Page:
The company’s 37 questions given to students upon returning abroad helps hold them accountable for both the positive and negative experiences, Shay says, making it easier for students to pinpoint which aspects of a certain program match their own goals and expectations. Some schools even give credit for studying abroad only after students complete reviews.

“When students are forced to do this, they tend to be more honest,” Shay says. “The problem in the review world is people who have a good experience don’t review, but people with a horrible experience do. Requiring students to do it gets more of that middle—students where something did go wrong or wasn’t quite right.”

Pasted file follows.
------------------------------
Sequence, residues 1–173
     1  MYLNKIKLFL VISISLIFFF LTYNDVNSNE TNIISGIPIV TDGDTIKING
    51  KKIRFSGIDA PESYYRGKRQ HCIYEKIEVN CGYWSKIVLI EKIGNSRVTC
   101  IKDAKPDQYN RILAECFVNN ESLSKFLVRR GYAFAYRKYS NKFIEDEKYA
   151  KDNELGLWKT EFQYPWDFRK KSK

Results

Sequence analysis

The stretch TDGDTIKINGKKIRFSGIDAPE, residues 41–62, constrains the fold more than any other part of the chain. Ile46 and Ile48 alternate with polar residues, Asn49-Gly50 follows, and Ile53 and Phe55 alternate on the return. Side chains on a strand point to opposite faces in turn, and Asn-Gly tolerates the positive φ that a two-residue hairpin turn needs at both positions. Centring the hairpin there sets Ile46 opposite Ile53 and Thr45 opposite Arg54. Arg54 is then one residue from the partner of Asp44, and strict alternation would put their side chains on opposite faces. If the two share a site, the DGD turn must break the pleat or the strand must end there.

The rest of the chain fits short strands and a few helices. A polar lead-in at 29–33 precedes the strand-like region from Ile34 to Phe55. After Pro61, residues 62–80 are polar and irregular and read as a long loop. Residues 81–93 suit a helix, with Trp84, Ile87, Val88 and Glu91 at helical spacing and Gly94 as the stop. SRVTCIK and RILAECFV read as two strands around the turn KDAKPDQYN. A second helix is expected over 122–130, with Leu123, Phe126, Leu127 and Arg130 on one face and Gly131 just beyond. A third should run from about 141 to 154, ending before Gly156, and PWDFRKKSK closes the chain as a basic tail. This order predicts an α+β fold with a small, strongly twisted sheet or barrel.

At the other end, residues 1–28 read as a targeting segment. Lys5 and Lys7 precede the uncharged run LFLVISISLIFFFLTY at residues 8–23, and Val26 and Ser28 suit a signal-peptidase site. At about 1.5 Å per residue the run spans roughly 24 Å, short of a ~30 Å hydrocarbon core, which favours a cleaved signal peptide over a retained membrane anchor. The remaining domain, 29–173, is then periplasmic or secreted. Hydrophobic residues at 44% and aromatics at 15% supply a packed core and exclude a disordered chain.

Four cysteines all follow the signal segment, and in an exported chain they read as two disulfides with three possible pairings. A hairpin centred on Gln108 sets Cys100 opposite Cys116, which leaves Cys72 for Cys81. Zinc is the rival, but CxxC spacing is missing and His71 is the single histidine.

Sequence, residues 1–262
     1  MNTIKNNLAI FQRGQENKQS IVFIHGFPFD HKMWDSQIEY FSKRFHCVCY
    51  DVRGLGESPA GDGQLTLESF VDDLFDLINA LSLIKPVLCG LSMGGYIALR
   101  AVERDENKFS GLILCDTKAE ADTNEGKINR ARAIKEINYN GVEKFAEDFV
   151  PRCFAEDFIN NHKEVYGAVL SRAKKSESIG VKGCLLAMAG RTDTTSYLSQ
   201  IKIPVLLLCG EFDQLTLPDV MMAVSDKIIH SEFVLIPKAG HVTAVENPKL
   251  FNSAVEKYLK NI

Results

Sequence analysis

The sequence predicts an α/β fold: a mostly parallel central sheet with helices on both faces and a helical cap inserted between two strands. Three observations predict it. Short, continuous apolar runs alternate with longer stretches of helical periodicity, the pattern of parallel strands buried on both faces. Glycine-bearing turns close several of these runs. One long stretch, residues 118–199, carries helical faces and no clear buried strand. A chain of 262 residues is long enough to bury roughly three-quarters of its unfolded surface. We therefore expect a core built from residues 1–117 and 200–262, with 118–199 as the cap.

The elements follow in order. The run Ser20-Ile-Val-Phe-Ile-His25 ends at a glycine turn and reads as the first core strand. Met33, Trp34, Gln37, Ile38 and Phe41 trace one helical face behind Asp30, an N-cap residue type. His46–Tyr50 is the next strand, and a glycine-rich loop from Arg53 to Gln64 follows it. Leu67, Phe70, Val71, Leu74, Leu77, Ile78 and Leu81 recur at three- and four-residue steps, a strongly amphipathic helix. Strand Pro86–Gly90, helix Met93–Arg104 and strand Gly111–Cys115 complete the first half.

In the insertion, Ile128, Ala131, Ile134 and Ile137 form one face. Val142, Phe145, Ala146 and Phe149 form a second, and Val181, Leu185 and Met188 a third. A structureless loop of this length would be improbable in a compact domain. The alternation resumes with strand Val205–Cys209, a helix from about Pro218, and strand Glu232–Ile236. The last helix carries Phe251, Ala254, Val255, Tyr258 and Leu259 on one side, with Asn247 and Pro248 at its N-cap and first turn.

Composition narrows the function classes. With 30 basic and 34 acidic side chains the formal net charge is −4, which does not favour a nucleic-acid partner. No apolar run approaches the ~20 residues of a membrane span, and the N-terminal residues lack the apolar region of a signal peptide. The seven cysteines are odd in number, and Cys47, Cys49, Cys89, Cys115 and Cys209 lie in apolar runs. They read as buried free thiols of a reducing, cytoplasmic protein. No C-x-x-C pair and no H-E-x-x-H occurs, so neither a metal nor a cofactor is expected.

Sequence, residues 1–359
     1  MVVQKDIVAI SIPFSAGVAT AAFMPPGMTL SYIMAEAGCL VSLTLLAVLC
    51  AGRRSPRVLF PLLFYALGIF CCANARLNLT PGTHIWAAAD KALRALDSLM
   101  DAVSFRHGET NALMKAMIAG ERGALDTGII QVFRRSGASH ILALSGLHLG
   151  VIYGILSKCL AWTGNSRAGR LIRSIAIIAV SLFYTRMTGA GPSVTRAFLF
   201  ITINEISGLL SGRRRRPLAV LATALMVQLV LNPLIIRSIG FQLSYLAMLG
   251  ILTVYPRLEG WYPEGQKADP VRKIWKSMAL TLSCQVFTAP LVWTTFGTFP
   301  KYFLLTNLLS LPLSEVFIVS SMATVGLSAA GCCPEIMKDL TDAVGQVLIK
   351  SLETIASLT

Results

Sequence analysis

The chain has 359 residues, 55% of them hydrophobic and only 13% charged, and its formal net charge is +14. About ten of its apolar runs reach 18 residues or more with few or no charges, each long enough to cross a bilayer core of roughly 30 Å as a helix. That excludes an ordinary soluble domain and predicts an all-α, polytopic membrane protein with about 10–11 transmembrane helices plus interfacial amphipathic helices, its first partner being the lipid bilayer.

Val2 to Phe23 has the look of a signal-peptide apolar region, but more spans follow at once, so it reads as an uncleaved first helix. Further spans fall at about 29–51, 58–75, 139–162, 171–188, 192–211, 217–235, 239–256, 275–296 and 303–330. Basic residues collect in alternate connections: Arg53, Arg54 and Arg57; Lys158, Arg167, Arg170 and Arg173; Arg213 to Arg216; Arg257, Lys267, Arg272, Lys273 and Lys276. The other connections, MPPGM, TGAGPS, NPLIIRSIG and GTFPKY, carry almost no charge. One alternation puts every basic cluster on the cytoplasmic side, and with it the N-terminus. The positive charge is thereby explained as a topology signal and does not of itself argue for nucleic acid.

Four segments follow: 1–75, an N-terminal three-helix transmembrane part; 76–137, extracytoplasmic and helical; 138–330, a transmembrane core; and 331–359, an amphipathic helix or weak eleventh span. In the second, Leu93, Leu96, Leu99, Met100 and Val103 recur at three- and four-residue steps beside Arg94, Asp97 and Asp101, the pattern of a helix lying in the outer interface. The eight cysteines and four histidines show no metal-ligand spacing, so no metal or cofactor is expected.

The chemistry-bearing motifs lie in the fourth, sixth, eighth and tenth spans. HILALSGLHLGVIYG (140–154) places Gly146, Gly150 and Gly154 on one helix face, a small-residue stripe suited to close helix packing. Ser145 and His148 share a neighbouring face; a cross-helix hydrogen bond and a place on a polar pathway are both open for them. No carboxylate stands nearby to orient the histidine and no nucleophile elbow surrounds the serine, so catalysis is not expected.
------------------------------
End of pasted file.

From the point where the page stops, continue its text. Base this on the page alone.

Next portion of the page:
Students expect different experiences, so Shay says that these reviews help “paint a picture” of whether a city like Barcelona that is known for nightlife or a city like Oxford that leans more toward academics is more suitable. “You’re setting yourself up for disappointment if you don’t know,” he says.

The reviews prove helpful not only for students looking to go abroad, but also their parents. Shay says he believes up to a quarter of the website’s traffic comes from parents seeking reassurance. “Reviews are powerful not just in searching and comparing programs, but setting expectations for moms and dads,” Shay says.

Abroad101 follows the model of similar services for making revenue—selling advertisements to providers and foreign universities, with its content being the reviews.

“Our reviews are designed to not just be an instinct and gut impression like Yelp and TripAdvisor,” Shay says. “So many students talk about study abroad as a transformative experience … so review becomes the place to make those statements.”